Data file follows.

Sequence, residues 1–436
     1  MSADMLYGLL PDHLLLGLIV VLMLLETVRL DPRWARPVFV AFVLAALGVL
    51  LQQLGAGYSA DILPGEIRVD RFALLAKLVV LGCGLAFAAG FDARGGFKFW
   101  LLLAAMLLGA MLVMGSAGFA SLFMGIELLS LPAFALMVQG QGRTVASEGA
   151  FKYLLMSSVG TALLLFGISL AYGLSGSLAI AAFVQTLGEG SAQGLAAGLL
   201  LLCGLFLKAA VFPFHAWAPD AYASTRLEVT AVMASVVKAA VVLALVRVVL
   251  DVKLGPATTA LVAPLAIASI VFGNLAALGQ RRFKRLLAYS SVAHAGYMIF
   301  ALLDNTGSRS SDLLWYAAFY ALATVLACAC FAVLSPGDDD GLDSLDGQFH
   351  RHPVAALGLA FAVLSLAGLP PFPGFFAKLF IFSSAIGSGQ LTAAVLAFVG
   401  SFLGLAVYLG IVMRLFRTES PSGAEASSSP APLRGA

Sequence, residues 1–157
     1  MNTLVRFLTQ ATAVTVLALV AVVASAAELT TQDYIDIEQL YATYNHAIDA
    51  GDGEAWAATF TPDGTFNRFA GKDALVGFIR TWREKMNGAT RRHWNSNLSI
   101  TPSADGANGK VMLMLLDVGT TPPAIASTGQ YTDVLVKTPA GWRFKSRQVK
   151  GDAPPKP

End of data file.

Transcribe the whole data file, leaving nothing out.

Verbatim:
Sequence, residues 1–436
     1  MSADMLYGLL PDHLLLGLIV VLMLLETVRL DPRWARPVFV AFVLAALGVL
    51  LQQLGAGYSA DILPGEIRVD RFALLAKLVV LGCGLAFAAG FDARGGFKFW
   101  LLLAAMLLGA MLVMGSAGFA SLFMGIELLS LPAFALMVQG QGRTVASEGA
   151  FKYLLMSSVG TALLLFGISL AYGLSGSLAI AAFVQTLGEG SAQGLAAGLL
   201  LLCGLFLKAA VFPFHAWAPD AYASTRLEVT AVMASVVKAA VVLALVRVVL
   251  DVKLGPATTA LVAPLAIASI VFGNLAALGQ RRFKRLLAYS SVAHAGYMIF
   301  ALLDNTGSRS SDLLWYAAFY ALATVLACAC FAVLSPGDDD GLDSLDGQFH
   351  RHPVAALGLA FAVLSLAGLP PFPGFFAKLF IFSSAIGSGQ LTAAVLAFVG
   401  SFLGLAVYLG IVMRLFRTES PSGAEASSSP APLRGA

Sequence, residues 1–157
     1  MNTLVRFLTQ ATAVTVLALV AVVASAAELT TQDYIDIEQL YATYNHAIDA
    51  GDGEAWAATF TPDGTFNRFA GKDALVGFIR TWREKMNGAT RRHWNSNLSI
   101  TPSADGANGK VMLMLLDVGT TPPAIASTGQ YTDVLVKTPA GWRFKSRQVK
   151  GDAPPKP